To Try to Discover…

“To try to discover the meaning of the commandments through study and reading without actually living in accordance with them is like mistaking the shadow of something for its reality. It is only by participating in the truth that you can share in the meaning of truth. If you search for the meaning without participating in the truth and
without having been initiated into it, you will find only a besotted kind of wisdom (cf. 1 Cor. 1:20). You will be among those whom St Jude categorized as ‘psychic’ or worldly because they lack the Spirit (cf. Jude 19), boast as they may of their knowledge of the truth.”
St. Gregory of Sinai

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To Be On the Spiritual Path…

To be on the spiritual path means seeking the Lord in your heart through fulfilling the commandments. For when you listen to John the Baptist crying in the wilderness, ‘Prepare the way of the Lord, make His paths straight’ (Matt. 3:3), you must understand that he is referring to the commandments and their fulfillment both in the heart and in actions. It is impossible to ‘make straight’ the path of the commandments and to act rightly unless your heart too is straight and upright.
St. Gregory of Sinai, Philokalia

Many Who Practice…

Many who practice the commandments think they are following the spiritual path. But they have not yet reached the city, and in fact remain outside it. For they travel foolishly, deviating unawares from the straight highway into side-roads, not realizing how close the vices are to the path of virtue. For the true fulfillment of the commandments demands that we do neither too little nor too much but simply pursue a course acceptable to God and in accordance with His will. Otherwise we labor in vain and do not make straight the paths of the Lord (cf. Isa. 40:3). For in everything we do we must be clear about the goal we are pursuing.
St. Gregory of Sinai, Philokalia

To Suffer for Christ’s Sake…

To suffer for Christ’s sake is patiently to endure whatever happens to us. For the envy which the innocent provoke is for their benefit, while the Lord’s schooling tests us so as to bring about our conversion, since it opens our ears when we are guilty. That is why the Lord has promised an eternal crown to those who endure in this manner (cf. Jas. 1:12). Glory to Thee, our God; glory to Thee, Holy Trinity; glory to Thee for all things.
St. Gregory of Sinai, Philokalia

It is a remarkable phenomenon…

From St. John of Kronstadt’s “My Life in Christ”

“It is a remarkable phenomenon in nature that, if you put a plant into a large, wide pot or tub, it grows very much at the roots; they thicken, they give out many ramifications, but the tree itself does not grow much in height, and only yields few and small leaves and flowers. But if it is planted in a small pot, then the roots are small, but the plant itself grows rapidly in height and yields beautiful leaves and flowers (if it is the nature of the plant to produce flowers). Is it not the same with man? When he lives in full liberty, in abundance and prosperity, then he grows in body and does not grow in spirit, does not bring forth fruits–good works; whilst when he lives in straightness, in poverty, sickness, misfortune, and afflictions, in a word, when his animal nature is crushed, then he grows spiritually, bears flowers of virtue, ripens and brings forth rich fruits. This is why the path of those who love God is a narrow one.”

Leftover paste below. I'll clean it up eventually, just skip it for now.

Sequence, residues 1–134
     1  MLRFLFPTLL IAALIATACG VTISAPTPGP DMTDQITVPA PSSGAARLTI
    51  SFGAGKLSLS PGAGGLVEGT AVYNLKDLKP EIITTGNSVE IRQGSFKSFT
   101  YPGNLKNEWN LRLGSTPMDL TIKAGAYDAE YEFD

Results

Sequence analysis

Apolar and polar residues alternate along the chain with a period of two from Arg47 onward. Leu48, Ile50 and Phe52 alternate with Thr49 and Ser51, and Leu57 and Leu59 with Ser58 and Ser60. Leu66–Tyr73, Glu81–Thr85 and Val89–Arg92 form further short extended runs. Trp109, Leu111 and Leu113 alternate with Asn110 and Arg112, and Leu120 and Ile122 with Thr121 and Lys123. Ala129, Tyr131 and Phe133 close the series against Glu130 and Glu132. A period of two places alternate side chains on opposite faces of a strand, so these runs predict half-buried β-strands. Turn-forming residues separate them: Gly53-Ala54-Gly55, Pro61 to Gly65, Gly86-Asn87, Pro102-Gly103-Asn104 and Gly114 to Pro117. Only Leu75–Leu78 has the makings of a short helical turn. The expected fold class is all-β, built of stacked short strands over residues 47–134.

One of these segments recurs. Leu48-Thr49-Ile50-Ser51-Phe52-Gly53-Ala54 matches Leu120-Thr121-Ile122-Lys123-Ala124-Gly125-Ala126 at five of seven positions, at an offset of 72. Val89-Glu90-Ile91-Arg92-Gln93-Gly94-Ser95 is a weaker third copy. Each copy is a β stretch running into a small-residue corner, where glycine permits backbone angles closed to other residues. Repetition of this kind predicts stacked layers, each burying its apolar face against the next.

St. Seraphim on Despair

“Just as the Lord is solicitous about our salvation, so too the murder of men, the devil, strives to lead a man into despair.

A lofty and sound soul does not despair over misfortunes, of whatever sort they may be. Our life is as it were a house of temptations and trials; but we will not renounce the Lord for as long as He allows the tempter to remain with us and for as long as we must wait to be revived through patience and secure passionless!

Judas the betrayer was fainthearted and unskilled in battle, and so the enemy, seeing his despair, attacked him and forced him to hang himself, but Peter, a firm rock, when he fell into great sin, like one skilled in battle did not despair nor lose heart, but shed bitter tears from a burning heart, and the enemy, seeing these tears, his eyes scorched as by fire, fled far form him wailing in pain.

And so brothers, St. Antioch teaches, when despair attacks us let us not yield to it, but being strengthened and protected by the light of faith, with great courage let us say to the evil spirit: “What are you to us, estranged from God, a fugitive from heaven and evil servant? You dare do nothing to us. Christ, the Son of God, has authority both over us and over everything. It is against Him that we have sinned, and before Him that we will be justified. And you, destroyer, leave us. Strengthen by His venerable Cross, we trample under foot your serpent’s head” (St. Antioch, Discourse 27).

St. Seraphim of Sarov, “The Spiritual Instructions to Laymen and Monks”